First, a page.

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1984 250cc Moto Morini Model J
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cocorico
Central France
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November 6, 2019 - 12:08 pm
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My long standing 'restoration' - you know me, it's Oily Rag - is nearing it's end, so I thought it time to reveal the progress.

Here's 'as new'. bronations-5.jpg

As received. RHS.JPGLHS.JPG

This bike had been 'transformed' into a cafe racer, the mods included fitting a wrong exhaust, chopping up the foot controls and rewelding and for some reason welding a great knob of metal to the footrest carrier with a prop stand on it. It had been down the road and the instrument cluster and left hand control were smashed. I then found that the fuel tank was leaking...

To be continued.

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stubaker58
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November 6, 2019 - 5:17 pm
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Looks good to me, does it share any bits with the 31/2?

My ‘79 31/2 is being gently rekindled, still in mostly original paint (plus some Lidl red hammertoe which is a great colour match) runs well, rust is less than it was, swinging arm needs a shim. The main issue is that both front discs have a rough spot where the pads had been in contact during a long layup, the chrome on the discs is shot in the spots but pretty good elsewhere.  Never having had disc brakes on a bike before I’m not sure of the best way forward, skim the discs? Re-chrome them?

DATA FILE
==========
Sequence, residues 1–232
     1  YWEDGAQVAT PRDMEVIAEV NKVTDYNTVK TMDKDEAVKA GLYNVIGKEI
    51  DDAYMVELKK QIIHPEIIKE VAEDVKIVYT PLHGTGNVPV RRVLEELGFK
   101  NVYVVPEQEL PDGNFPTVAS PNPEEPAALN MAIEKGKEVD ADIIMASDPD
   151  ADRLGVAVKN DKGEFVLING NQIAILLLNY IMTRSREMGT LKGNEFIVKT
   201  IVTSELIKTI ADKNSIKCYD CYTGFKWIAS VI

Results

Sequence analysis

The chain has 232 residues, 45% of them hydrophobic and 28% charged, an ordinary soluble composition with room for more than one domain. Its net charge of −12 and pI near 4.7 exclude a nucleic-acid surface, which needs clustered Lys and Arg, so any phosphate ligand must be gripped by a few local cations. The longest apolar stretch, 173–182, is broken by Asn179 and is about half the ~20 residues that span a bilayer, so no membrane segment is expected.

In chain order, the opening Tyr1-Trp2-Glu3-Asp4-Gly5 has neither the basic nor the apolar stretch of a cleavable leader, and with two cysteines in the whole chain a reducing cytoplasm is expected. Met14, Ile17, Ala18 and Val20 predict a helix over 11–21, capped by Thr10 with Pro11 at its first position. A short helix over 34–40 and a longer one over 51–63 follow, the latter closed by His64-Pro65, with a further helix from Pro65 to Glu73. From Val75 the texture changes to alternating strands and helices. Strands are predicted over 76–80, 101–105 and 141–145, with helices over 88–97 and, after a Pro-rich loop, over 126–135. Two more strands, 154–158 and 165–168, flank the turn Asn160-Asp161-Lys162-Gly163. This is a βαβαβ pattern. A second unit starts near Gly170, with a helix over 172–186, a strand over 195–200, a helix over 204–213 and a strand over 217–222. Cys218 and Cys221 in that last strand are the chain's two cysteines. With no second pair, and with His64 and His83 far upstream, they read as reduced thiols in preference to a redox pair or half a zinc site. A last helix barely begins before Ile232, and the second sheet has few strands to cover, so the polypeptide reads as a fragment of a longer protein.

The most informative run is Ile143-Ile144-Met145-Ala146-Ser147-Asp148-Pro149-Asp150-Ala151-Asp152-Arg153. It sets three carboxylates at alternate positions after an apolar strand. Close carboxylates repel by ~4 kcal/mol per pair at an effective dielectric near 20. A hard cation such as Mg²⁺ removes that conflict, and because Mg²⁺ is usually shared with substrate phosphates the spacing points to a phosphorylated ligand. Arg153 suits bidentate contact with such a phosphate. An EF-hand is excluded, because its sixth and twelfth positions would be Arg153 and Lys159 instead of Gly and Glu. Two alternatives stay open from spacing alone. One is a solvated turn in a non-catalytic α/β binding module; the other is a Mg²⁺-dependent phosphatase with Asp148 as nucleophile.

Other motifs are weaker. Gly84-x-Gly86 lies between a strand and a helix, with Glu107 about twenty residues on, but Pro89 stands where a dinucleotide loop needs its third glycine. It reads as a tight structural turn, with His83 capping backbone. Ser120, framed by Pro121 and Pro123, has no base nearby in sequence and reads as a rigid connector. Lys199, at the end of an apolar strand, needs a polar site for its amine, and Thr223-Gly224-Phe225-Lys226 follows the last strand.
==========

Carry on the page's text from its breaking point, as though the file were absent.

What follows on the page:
photos tomorrow.

D7/14 hybrid (4 speed with D7 crank etc.) on the road, D10 Bushman awaiting rebuilding.

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cocorico
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November 6, 2019 - 6:26 pm
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Here are the foot controls. The gear change was shortened and repositioned, likewise the brake pedal (which was cut in half and rewelded), it's mount also had a lump of a 'boss' welded on for a sidestand.

pedals1.jpgpedals2.jpg

The brake pedal should be like this (it is now more or less like it, but a bit battered):

brake-pedal.jpg

Exhaust had been cobbled into a 2 into 1 with a megaphone - but was made using a 350's pipes, which were bent to fit with a hammer

System.jpg

I also found that one of the exhaust nuts appeared home-made, it was larger than standard, so I assume the thread in the head had stripped at some point

Nust-2.jpg

I'll talk about the instrument console next...

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cocorico
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November 7, 2019 - 11:28 am
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As I said, the bike had obviously been 'down the road'. The original adjustable bars were bent a little too much to use, headlamp rim was slightly dented (though usable), but the instrument console and hand control were damaged. Here are before and after pics of the console. I fixed it with Q-Bond, a mix of cyanoacrylate glue and a filler powder. I used insulation tape to make moulds for the missing areas, which seem to have worked pretty well. I  used a similar technique for the control switch, which is now functional but obviously repaired.

console-1.JPG console-2.JPG

I have now repaired the missing right hand mounting lug, using a similar technique.

Then onto the electrics. Being Italian, Moto Morini electrics are sometimes referred to as spaghetti bolognese. Actually they are not bad considering that the looms were made for ease of mass production rather than logic. Here's an example.

Transducers.jpg